But, besides the advantage of being able to speak with freedom of an author like Ossian, from any natural point of view, an almost infinitely higher advantage still is to be obtained by actually verifying his text; by realising his descriptions, ascertaining his alleged facts, and localising the scenes of his narrative. Whatever is truly grand in Ossian may thus be identified with nature, if it has a counterpart there; and what seems only an imaginary outline at first may be filled up and fixed for ever as among her own still extant properties. A new sense, coherent and intelligible, may thus be imparted to the most familiar figures; and not an allusion to earth or sky, to rock or river, will be lost after such a process. Nay, a certain philosophic significance, amounting to scientific revelation, may be honestly associated with some of his loftiest figures; and what the translator himself apologises for as extravagant, may be thus converted into dreamful intuitions of hidden fact and poetic forecasting of future discoveries. Mr Arnold, in his Celtic Literature, seems to glance at such a capacity in Celtic man—"His sensibility gives him a peculiarly near and intimate feeling of nature, and the life of nature; here, too, he seems in a special way attracted by the secret before him, the secret of natural beauty and natural magic, and to be close to it, to half-divine it," p. 108. But Mr Arnold does not seem to include in this capacity the intuitions of natural science, at least not for Ossian; yet nothing can be more certain than that Ossian and his fellow-countrymen enjoyed them.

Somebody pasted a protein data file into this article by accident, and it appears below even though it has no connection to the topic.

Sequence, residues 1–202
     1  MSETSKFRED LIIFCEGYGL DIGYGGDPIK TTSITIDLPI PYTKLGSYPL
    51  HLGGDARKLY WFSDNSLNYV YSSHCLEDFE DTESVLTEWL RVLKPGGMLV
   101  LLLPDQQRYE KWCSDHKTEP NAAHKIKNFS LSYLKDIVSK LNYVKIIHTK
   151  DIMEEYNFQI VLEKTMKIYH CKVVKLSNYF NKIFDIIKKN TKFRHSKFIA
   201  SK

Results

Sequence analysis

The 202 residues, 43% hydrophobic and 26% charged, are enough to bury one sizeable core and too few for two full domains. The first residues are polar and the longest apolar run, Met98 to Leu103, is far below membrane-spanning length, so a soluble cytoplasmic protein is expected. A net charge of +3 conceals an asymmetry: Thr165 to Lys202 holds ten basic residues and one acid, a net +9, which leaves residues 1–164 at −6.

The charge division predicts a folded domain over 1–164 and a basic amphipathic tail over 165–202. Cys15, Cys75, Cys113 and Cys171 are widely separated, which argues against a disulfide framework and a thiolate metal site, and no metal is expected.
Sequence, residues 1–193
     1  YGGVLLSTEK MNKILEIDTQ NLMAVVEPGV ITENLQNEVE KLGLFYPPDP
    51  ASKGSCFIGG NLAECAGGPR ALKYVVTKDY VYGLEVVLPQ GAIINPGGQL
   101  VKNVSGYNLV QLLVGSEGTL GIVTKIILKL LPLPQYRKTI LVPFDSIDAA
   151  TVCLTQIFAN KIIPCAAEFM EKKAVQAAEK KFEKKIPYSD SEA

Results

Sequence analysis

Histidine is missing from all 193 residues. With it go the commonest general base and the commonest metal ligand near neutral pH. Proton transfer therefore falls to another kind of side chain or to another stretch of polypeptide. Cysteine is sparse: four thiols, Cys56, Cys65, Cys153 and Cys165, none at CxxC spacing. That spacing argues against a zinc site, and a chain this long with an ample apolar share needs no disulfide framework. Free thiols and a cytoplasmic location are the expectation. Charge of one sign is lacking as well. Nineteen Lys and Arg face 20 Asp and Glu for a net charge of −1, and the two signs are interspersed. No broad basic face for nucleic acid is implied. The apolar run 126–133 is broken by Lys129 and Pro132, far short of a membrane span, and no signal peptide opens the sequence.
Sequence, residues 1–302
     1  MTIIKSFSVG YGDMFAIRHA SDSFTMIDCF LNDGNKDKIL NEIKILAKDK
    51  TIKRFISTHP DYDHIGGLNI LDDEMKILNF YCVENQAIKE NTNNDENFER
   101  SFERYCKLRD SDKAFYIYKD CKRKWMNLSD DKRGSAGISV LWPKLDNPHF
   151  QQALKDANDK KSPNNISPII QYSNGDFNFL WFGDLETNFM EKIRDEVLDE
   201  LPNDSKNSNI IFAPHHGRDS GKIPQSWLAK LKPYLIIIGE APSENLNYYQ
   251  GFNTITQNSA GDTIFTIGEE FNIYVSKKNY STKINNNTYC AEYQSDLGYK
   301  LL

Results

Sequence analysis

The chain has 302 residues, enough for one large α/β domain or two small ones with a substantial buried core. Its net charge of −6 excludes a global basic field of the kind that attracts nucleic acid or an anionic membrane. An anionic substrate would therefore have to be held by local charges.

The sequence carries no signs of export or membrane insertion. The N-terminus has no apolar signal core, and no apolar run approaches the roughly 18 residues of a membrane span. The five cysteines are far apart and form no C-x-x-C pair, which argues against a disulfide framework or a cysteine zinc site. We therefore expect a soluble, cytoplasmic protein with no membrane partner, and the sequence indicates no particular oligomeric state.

That verification to such an extent, however, both of facts and localities, and ideas—philosophic or imaginative, in the text of Ossian, was possible, has scarcely hitherto been believed by any one; it has certainly never been attempted. A sort of vagueness in many of his descriptions ill-understood, and a similarity in poetic figures that might be indiscriminately applied; and an occasional apparent conflict or confusion of details seem to have deterred almost all readers from the study we now recommend. But all these difficulties, of verification and interpretation alike, are only on the surface; and not even there, if it has been looked at attentively. Let any intelligent reader, with the poems which refer to Scotland in his hand, survey the Clyde, the Kelvin, and the Carron, and trace the still remaining footsteps of nature and of civilization through distant centuries on their banks, and he will see that Ossian has been there. Let him look steadily even at the cloud-drifts from the Atlantic, as they troop or roll along in a thousand fantastic forms, converging all to a certain inland range, and he will understand that the author of these poems must have seen and studied them so. Let him proceed then to Arran, and he will discover there, if he looks and listens, not only scenes and traditions, and monuments of sepulture, still associated with the names of Oscar and Malvina, Fingal and Ossian—in literal confirmation of what has been stated in the text concerning them; but the only reliable account, by survey and tradition also, of the Fingalian expeditions from Morven to Ireland....